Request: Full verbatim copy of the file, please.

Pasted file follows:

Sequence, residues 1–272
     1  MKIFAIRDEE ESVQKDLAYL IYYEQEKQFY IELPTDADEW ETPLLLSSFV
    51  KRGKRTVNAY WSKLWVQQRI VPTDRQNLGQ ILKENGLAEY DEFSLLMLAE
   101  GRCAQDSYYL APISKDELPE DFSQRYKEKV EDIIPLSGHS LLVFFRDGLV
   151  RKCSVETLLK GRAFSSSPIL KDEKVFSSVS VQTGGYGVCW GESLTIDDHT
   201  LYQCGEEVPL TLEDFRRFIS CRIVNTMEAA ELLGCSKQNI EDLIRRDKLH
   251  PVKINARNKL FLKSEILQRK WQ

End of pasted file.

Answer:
Sequence, residues 1–272
     1  MKIFAIRDEE ESVQKDLAYL IYYEQEKQFY IELPTDADEW ETPLLLSSFV
    51  KRGKRTVNAY WSKLWVQQRI VPTDRQNLGQ ILKENGLAEY DEFSLLMLAE
   101  GRCAQDSYYL APISKDELPE DFSQRYKEKV EDIIPLSGHS LLVFFRDGLV
   151  RKCSVETLLK GRAFSSSPIL KDEKVFSSVS VQTGGYGVCW GESLTIDDHT
   201  LYQCGEEVPL TLEDFRRFIS CRIVNTMEAA ELLGCSKQNI EDLIRRDKLH
   251  PVKINARNKL FLKSEILQRK WQ